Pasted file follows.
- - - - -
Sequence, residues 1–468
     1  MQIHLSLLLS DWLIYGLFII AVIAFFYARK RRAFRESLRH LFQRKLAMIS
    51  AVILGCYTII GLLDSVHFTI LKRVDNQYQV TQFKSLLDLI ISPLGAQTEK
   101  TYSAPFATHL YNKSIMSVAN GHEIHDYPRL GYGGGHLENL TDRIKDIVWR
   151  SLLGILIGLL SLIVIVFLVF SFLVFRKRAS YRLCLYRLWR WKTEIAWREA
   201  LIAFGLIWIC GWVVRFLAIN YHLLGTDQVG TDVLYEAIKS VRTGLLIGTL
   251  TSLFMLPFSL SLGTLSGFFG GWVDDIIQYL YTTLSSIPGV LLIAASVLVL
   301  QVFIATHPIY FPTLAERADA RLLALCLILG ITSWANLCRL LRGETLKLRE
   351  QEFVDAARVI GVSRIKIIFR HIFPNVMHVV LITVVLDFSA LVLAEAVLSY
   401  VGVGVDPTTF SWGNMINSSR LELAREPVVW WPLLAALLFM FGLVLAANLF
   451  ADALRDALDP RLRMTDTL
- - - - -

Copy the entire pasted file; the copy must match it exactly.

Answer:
Sequence, residues 1–468
     1  MQIHLSLLLS DWLIYGLFII AVIAFFYARK RRAFRESLRH LFQRKLAMIS
    51  AVILGCYTII GLLDSVHFTI LKRVDNQYQV TQFKSLLDLI ISPLGAQTEK
   101  TYSAPFATHL YNKSIMSVAN GHEIHDYPRL GYGGGHLENL TDRIKDIVWR
   151  SLLGILIGLL SLIVIVFLVF SFLVFRKRAS YRLCLYRLWR WKTEIAWREA
   201  LIAFGLIWIC GWVVRFLAIN YHLLGTDQVG TDVLYEAIKS VRTGLLIGTL
   251  TSLFMLPFSL SLGTLSGFFG GWVDDIIQYL YTTLSSIPGV LLIAASVLVL
   301  QVFIATHPIY FPTLAERADA RLLALCLILG ITSWANLCRL LRGETLKLRE
   351  QEFVDAARVI GVSRIKIIFR HIFPNVMHVV LITVVLDFSA LVLAEAVLSY
   401  VGVGVDPTTF SWGNMINSSR LELAREPVVW WPLLAALLFM FGLVLAANLF
   451  ADALRDALDP RLRMTDTL